Asian Journal of Transfusion Science
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Year : 2012  |  Volume : 6  |  Issue : 1  |  Page : 55-56
Transfusion-transmissible infections among voluntary blood donors at Government Medical College Thiruvananthapuram, Kerala, India

Department of Community Medicine, Government Medical College, Thiruvananthapuram, Kerala, India

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Date of Web Publication16-Apr-2012

How to cite this article:
Anjali H, Issac A, Anjali M R, Anish T S. Transfusion-transmissible infections among voluntary blood donors at Government Medical College Thiruvananthapuram, Kerala, India. Asian J Transfus Sci 2012;6:55-6

How to cite this URL:
Anjali H, Issac A, Anjali M R, Anish T S. Transfusion-transmissible infections among voluntary blood donors at Government Medical College Thiruvananthapuram, Kerala, India. Asian J Transfus Sci [serial online] 2012 [cited 2020 Apr 5];6:55-6. Available from:


Blood transfusion is one of the life-saving interventions but carries the risk of acute and delayed complications and that of transfusion-transmissible infections (TTIs). [1] Blood donors are the cornerstone of a safe and adequate supply of blood and blood products and the safest blood donors are voluntary, non-remunerated blood donors from low-risk populations. [2]

We have conducted a study to assess the proportion of blood-borne infections among voluntary blood donors of Blood Bank, Government Medical College, Thiruvananthapuram and to find out the factors associated with TTIs. Prevalence of ABO blood groups among the donors was also estimated. The study design was hospital-based cross-sectional survey and the data were collected during November - December 2010 from the registers using a structured proforma. The major outcome variable was the presence of common blood-borne infections. The exposure characteristics were sociodemographic variables. The data were reported as proportions or mean with standard deviations (SD).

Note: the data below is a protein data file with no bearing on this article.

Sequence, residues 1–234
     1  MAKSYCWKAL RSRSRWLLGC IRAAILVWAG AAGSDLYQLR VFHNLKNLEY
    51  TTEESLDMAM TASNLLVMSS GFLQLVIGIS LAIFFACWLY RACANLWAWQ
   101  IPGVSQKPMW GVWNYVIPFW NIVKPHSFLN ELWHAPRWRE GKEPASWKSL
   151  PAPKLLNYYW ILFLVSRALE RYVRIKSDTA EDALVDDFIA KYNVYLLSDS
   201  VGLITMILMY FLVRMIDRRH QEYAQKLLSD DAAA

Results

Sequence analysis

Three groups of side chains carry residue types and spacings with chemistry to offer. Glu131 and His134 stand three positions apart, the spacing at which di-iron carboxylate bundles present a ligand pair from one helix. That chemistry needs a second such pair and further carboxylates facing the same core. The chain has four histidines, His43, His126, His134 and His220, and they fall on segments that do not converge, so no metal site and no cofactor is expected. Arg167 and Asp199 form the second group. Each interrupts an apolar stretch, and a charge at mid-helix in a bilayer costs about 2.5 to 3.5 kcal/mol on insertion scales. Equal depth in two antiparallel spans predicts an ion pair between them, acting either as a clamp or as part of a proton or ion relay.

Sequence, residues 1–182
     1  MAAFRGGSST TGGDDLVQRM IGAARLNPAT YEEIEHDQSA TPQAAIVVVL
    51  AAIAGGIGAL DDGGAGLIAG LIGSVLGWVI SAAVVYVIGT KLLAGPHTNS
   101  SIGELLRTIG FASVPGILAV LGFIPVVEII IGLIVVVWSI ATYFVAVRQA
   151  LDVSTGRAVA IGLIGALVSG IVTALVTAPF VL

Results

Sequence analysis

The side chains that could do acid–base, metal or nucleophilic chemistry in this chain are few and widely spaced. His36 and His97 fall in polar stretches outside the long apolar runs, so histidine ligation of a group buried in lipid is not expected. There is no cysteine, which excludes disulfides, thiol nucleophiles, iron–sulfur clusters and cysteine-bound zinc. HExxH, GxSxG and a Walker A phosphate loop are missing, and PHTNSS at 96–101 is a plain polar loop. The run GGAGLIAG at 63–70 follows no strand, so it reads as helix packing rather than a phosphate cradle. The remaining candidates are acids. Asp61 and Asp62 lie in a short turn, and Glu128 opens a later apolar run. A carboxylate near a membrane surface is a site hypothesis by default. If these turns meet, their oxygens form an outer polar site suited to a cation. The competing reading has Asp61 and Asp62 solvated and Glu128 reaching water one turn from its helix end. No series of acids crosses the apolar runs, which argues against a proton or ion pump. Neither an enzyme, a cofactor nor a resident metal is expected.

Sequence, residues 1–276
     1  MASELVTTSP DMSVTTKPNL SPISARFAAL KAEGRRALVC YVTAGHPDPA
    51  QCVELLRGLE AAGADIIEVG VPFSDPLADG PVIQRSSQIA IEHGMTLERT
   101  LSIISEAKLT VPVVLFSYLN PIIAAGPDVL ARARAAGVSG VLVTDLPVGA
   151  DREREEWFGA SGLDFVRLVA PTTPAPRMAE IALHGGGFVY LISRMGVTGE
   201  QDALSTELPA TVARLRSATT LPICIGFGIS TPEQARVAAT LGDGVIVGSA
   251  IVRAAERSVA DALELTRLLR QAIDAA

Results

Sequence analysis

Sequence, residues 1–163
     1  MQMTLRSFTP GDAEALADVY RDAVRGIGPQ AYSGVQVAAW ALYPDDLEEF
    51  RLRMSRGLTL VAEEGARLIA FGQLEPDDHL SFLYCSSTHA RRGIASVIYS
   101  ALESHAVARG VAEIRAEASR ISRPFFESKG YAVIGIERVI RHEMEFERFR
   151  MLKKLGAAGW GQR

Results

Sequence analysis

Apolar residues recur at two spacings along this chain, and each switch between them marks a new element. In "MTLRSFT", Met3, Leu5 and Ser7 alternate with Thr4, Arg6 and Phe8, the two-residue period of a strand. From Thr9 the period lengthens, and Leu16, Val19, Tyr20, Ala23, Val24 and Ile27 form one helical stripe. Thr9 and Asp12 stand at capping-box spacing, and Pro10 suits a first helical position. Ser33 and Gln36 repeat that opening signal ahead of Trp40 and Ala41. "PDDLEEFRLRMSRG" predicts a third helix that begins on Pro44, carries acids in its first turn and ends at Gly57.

Of the 5 004 blood donors studied, 4 810 (96.1%) were males and the mean (SD) age of the study participants was 28.24 (7.4) years. Persons with blood group O were 2 087 (41.69%) and that of blood group A, B, and AB were 1 263 (25.23%), 1 334 (26.65%), and 320 (6.38%), respectively. The overall prevalence of Rh positivity was 92.85%. Hepatitis B was the most common infection detected with a prevalence of 1.5% (n = 76), 32 (0.6%) had Human Immunodeficiency Virus (HIV) infection, 21 (0.4%) had Hepatitis C Virus (HCV) infection, while 7(0.1%) were detected to have Syphilis [Table 1]. The factors associated with any TTI were found to be elderly, marriage, and low educational status.
Table 1: Distribution of detected transfusion transmissible diseases

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In our setting, it was noted that more than 95% of the donors were men. No such gender differences were noted in American population. [3] The participation is being reduced in men also as age advances. This phenomenon of lack of inclination among middle aged and elderly has already been noticed and it has been forecasted that the proportion of voluntary blood donors will be decreasing tremendously as the population gets older because of demographic transition. [4] The prevalence of blood groups among the study subjects were comparable with that of reported pattern from same ethnic population with a predominance of blood group "O."